Delayed video feed for your rover

In this article you’ll learn how to prepare for a future career in rover driving. More specifically, you’ll get a sense of the delayed round trip from sending commands to a rover on another planet. We’ll use a video streaming server and some specialised software, but it’s all free. You’ll also need a laptop, a smart phone, and a radio controlled vehicle. Not too unreasonable for a home in the 21st Century. You’ll also need to be within range of a wireless signal, so being next to or inside your home is ideal.

The following diagram shows an overview of the streaming process. You setup the computer, webcam, rover, and targets int one room, and point the webcam at the rover. It’s easier to position an external USB webcam, but you can use the webcam integrated into a laptop if you tilt the screen forward. You transmit the webcam to an external streaming server. You can then sit in an adjacent room and view the stream on a second device, for example, a mobile phone. You can control the rover from the adjacent room, and watch the delayed video stream.

Overview of the streaming setup

Overview of the streaming setup

Choosing a time delay

Full disclosure, nobody is using video streams to drive rovers, yet. Although in 1973 the Lunokhod 2 rover was driven in real-time, using a video feed that updated with one frame every 3.2 to 21.1 seconds. This gap between frames was most likely caused by the limited bandwidth – similar to a really slow Internet connection. However, even between the Earth and the Moon, there would be a delay in the round trip signal:

  • Distance to the Moon: 384,400,000 m (average)
  • Speed of light: 299,792,458 m/s
  • Distance / speed = time
  • 384,400,000 / 299,792,458 = 1.28 s (each way)
  • Round trip = 2.56 s

So, if you pressed forward on the remote, you’d see the result 2.56 seconds later.

There have also been serious discussions about using Phobos and Deimos as outposts for exploring Mars. It’s likely that any people stationed on those moons will be remotely controlling rovers on the Martian surface. Round trip signals between the moons and Mars are as follows:

  • Phobos: 9,517,580 m / 299,792,458 m/s = 0.03 s x 2 = 0.06 s
  • Deimos: 23,470,900 m / 299,792,458 m/s = 0.08 s x 2 = 0.16 s

That’s almost instantaneous, so it isn’t as interesting for our rover driving school.

Setup your planet surface

Start by laying out the features of your planet surface. Spread out a couple of objects to investigate with your rover. These can be anything, from actual rocks to tins of soup.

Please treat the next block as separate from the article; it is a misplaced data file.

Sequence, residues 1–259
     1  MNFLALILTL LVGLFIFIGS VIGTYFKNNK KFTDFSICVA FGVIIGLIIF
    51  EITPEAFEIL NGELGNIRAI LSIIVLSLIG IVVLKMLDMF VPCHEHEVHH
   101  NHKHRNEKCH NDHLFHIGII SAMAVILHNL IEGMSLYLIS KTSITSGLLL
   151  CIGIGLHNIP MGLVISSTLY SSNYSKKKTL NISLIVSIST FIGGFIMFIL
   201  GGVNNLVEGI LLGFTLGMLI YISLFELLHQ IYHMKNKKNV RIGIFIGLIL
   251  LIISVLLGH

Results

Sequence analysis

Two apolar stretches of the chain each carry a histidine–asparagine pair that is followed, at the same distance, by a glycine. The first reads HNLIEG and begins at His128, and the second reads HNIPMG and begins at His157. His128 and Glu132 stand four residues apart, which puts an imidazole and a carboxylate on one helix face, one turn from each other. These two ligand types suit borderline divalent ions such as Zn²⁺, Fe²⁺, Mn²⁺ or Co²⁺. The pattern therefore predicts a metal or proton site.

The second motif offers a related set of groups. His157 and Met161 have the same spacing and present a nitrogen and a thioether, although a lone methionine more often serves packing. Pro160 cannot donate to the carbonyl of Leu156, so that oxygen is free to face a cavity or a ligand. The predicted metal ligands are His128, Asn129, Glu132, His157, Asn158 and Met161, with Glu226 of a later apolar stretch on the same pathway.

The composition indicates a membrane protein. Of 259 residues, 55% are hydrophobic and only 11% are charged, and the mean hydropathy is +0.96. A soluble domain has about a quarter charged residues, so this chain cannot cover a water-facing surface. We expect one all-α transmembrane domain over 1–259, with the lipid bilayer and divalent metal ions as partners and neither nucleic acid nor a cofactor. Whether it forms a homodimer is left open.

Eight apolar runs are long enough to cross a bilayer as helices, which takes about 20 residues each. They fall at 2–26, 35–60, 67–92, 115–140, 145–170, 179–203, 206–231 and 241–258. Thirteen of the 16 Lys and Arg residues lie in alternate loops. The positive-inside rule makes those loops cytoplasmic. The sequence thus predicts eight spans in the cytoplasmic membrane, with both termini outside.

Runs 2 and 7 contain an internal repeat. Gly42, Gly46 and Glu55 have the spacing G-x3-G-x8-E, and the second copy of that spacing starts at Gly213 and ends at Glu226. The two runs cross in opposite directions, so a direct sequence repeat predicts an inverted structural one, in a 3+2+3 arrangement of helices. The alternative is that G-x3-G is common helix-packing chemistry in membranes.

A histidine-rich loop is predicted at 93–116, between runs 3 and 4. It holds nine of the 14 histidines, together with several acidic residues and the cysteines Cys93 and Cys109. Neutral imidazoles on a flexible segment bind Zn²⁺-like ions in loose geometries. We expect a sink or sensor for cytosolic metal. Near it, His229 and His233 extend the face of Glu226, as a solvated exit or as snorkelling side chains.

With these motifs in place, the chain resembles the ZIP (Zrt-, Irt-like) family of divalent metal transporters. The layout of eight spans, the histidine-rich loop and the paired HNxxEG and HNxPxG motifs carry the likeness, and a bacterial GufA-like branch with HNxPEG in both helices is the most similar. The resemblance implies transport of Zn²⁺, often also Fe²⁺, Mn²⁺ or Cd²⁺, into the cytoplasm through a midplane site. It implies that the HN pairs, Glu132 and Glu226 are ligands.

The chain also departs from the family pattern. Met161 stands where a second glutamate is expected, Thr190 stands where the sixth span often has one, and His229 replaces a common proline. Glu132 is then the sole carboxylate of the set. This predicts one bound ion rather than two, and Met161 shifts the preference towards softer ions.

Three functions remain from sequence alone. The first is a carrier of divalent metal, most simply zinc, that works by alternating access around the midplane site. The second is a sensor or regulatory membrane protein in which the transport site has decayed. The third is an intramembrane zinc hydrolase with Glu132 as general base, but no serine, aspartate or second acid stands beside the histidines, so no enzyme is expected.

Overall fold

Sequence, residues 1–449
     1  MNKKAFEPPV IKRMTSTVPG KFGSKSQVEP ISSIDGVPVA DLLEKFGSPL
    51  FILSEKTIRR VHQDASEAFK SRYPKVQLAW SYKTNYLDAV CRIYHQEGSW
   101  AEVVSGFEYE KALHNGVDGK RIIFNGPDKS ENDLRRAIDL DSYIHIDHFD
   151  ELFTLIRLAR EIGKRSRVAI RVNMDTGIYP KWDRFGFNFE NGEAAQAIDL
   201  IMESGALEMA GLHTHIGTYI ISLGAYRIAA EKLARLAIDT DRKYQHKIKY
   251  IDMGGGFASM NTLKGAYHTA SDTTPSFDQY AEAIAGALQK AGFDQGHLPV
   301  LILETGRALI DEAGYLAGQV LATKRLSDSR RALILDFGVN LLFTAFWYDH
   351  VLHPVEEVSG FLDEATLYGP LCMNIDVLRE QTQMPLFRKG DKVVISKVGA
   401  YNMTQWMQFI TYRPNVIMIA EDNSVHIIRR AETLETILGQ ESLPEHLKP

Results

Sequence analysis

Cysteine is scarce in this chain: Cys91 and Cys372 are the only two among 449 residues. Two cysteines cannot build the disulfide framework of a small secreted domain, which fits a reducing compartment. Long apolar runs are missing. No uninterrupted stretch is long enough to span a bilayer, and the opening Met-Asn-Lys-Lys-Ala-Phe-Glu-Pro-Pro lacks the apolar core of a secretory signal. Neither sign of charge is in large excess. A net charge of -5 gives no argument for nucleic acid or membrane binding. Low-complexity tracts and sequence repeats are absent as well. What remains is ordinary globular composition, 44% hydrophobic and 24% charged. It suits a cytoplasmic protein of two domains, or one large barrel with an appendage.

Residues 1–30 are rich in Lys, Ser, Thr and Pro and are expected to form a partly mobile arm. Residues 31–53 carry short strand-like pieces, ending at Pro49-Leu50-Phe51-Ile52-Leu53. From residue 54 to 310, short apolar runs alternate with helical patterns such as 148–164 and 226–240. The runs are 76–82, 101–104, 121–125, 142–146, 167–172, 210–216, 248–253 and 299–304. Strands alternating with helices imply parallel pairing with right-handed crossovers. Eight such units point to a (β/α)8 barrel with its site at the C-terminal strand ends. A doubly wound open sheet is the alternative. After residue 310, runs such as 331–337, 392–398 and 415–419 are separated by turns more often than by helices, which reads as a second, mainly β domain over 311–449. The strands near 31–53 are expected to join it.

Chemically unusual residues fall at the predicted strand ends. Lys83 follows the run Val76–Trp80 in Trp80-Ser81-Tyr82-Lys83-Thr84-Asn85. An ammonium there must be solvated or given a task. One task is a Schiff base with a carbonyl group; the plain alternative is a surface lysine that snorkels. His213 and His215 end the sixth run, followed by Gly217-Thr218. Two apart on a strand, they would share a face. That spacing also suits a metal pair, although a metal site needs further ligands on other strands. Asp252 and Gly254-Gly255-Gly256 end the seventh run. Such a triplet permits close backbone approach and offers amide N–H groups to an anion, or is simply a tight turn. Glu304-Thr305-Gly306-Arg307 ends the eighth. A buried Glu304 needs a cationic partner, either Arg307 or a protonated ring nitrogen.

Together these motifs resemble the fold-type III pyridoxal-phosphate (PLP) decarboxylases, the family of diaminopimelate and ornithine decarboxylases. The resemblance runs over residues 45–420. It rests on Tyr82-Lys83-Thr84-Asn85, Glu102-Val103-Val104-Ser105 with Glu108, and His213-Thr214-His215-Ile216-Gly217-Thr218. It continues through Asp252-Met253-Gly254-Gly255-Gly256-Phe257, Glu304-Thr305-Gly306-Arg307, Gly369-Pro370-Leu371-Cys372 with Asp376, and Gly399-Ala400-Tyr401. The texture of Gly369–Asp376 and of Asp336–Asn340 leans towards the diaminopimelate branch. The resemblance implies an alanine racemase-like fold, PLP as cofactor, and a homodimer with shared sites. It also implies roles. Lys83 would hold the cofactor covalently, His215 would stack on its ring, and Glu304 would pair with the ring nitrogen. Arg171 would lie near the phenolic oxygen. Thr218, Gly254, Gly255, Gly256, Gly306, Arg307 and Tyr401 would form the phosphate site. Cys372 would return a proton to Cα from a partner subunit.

Install OBS Studio

Open Broadcaster Software (OBS) studio, is an open source recording and streaming software application, which is available for Windows, Mac, and Linux. You can download it from here: https://obsproject.com/.

Setting up the stream on YouTube

You can use lots of different streaming services with OBS Studio, including Twitch, Mixer, Facebook Live, and Twitter Periscope. In this article I’m using YouTube, because I’m familiar with it, and it’s easy to setup a stream to a single person.

  1. Log in to YouTube.
  2. Click the Create a video or post icon (camera with plus symbol) in the top-right corner of the page, and then click Go Live.
  3. Click Stream.
  4. In the New stream panel, enter a title, change Public to Unlisted, and then click Create Stream. You could select a private stream, but that requires you to log in on the second device. I don’t think that anyone will randomly stumble upon your stream.
  5. In the Stream setup help panel, click Copy for the stream name/key. You can also find stream key in the Stream settings.
  6. Click Done.

Creating a delayed stream in OBS Studio

  1. Start OBS Studio.
  2. From the menu, select File > Settings.
  3. In the Settings window, click Stream.
  4. In the Service list, select YouTube.
  5. In the Stream Key field, paste in the stream key from YouTube.
  6. There is most likely going to be a delay in the stream caused by the round trip to the streaming server and the processing involved. But we’ll add a bit extra. Click Advanced.
  7. In the Stream Delay section, select the Enable check box. Enter a Duration of “3s”, for three seconds. Or any other value that you’d like.
  8. In the Video section, select an Output (Scaled) Resolution. This is the size of the video that will be sent to YouTube. I chose 960×540. I think that a slightly grainy, low resolution video adds to the experience.
  9. Click OK.

Streaming your webcam in OBS Studio

  1. In the Scenes panel, click the Plus Symbol.
  2. In the Add Scene panel, enter a name, and then click OK.
  3. In the Sources panel, click the plus Symbol, and then click Video Capture Device.
  4. In the Create/Select Source panel, enter a name, and then click OK.
  5. In the Properties panel, select your webcam in the Device list, and then click OK.
  6. If the webcam only fills one corner, drag one of the corner grips to fill as much of the space as possible. Place the camera so that you can see your planetary surface.
  7. In the bottom-right corner, click Start Streaming.
Webcam view in OBS Studio (click for larger image)

Webcam view in OBS Studio (click for larger image)

Starting the stream on YouTube

  1. Go back to the YouTube page.
  2. In the top-right corner, click the Share icon (arrow), and copy the link.
  3. Email the link to yourself, or copy it to your phone or other second device.
  4. On the YouTube page, click Go Live.
  5. When you are finished, you’ll click End Stream, but there’s lot to do before that.

Driving the rover

Give it a go. Try driving in between the targets, without running into them.



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